Putin wants monasteries, church rebuilt inside Kremlin
By Lidia Kelly
MOSCOW (Reuters) - Russian President Vladimir Putin has called for two monasteries and a church that were demolished during Soviet times to be rebuilt in the Kremlin, the largest overhaul of the site's architectural landscape in nearly a century.
Putin has cultivated strong ties with Patriarch Kirill, the head of the Russian Orthodox Church, adopting more conservative policies and prompting some critics to suggest the line separating state and church has become blurred.
At a meeting on Thursday with Moscow Mayor Sergei Sobyanin and top administrators of the Kremlin site, Putin said his plan would involve tearing down a building used for administrative purposes to restore the site's "historic appearance".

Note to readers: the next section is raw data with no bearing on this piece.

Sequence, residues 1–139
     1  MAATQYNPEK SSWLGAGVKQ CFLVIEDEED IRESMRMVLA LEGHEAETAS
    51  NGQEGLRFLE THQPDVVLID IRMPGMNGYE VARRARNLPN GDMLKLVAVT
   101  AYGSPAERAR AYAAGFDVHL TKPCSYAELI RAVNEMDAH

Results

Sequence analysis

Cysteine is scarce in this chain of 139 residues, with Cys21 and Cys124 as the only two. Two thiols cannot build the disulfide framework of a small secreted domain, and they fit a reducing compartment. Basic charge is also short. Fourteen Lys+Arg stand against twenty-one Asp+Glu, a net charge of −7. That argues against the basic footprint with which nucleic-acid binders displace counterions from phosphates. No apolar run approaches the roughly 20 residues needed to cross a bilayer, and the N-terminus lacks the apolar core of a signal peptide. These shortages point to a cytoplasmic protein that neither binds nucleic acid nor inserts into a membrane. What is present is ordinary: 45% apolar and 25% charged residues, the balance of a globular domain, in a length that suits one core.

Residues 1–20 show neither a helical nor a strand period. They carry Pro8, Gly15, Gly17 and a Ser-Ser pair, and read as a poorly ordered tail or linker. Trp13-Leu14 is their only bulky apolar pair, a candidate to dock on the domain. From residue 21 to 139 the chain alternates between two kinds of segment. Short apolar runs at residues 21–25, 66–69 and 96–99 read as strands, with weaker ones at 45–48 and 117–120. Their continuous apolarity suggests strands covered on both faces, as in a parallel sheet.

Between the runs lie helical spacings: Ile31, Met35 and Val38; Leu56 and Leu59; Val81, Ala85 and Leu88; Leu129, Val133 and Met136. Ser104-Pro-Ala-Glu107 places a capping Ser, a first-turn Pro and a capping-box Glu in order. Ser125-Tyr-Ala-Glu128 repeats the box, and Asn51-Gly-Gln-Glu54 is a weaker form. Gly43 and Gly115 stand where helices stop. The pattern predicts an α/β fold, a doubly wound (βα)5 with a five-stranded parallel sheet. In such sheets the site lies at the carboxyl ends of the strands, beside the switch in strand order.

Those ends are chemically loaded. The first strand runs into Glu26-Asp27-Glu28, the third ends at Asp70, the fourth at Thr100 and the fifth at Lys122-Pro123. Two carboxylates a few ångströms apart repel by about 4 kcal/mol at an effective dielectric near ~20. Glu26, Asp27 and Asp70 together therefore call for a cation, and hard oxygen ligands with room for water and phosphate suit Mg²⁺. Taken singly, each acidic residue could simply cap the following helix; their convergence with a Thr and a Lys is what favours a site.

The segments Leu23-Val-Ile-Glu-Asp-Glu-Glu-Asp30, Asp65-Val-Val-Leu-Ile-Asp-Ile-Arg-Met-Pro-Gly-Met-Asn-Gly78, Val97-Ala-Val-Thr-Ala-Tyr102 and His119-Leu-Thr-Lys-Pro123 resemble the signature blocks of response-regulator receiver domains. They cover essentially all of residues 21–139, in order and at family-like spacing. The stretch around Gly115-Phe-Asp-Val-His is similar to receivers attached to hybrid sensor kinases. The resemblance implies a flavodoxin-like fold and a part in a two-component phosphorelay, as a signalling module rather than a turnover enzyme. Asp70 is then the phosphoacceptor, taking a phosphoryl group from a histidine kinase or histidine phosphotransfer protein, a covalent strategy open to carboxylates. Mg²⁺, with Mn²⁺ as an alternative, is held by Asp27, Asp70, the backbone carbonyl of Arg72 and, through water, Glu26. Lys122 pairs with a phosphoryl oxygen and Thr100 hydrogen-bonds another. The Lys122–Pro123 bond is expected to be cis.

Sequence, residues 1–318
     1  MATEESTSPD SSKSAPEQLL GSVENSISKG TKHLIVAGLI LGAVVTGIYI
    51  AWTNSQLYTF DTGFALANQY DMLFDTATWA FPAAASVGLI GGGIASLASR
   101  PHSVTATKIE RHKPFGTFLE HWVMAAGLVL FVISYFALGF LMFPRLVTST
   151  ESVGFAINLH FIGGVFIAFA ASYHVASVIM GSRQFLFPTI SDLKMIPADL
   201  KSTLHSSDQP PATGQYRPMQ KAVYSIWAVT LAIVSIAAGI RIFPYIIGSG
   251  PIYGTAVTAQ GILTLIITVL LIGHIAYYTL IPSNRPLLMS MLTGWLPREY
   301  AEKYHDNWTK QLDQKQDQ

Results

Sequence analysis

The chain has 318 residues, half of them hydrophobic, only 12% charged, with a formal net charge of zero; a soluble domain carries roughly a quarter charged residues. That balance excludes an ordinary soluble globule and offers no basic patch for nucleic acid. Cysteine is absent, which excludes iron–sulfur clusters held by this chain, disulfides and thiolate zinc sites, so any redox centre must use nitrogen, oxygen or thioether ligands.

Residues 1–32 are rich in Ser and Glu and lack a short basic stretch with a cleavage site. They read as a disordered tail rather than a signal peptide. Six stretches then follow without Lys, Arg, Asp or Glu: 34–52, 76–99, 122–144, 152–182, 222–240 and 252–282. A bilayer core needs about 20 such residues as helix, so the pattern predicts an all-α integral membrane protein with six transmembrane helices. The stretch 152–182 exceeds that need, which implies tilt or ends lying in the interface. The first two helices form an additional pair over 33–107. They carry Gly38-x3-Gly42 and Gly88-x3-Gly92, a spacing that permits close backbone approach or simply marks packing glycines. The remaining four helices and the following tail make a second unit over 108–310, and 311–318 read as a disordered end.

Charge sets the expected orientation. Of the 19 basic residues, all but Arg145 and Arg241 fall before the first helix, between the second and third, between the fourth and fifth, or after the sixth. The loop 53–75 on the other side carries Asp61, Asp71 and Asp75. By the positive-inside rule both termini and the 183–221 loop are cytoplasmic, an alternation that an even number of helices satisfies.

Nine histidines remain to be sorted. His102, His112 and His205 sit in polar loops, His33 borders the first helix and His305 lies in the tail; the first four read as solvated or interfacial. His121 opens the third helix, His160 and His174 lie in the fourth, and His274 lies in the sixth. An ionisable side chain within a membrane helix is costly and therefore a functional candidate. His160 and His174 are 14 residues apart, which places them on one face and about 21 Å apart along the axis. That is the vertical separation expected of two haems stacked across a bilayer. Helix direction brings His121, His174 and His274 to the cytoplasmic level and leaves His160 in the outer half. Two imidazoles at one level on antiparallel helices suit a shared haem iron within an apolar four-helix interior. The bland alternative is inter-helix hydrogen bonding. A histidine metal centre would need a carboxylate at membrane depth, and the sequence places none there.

Putin gave no indication of the costs of construction. Russia's economy is teetering on the brink of recession and faces reduced access to foreign capital after the West imposed sanctions over Moscow's policies in Ukraine.
The Kremlin, a fortified landmark sprawling across 28 hectares in central Moscow and home to the president's office and his administration, has seen many attacks in its six-century history and has come to symbolize Russia's enduring power.
"Here is the idea ... to restore the historic appearance of the place with two monasteries and a church, but giving them, considering today's realities, an exclusively cultural character," the Kremlin's website quoted Putin as saying.
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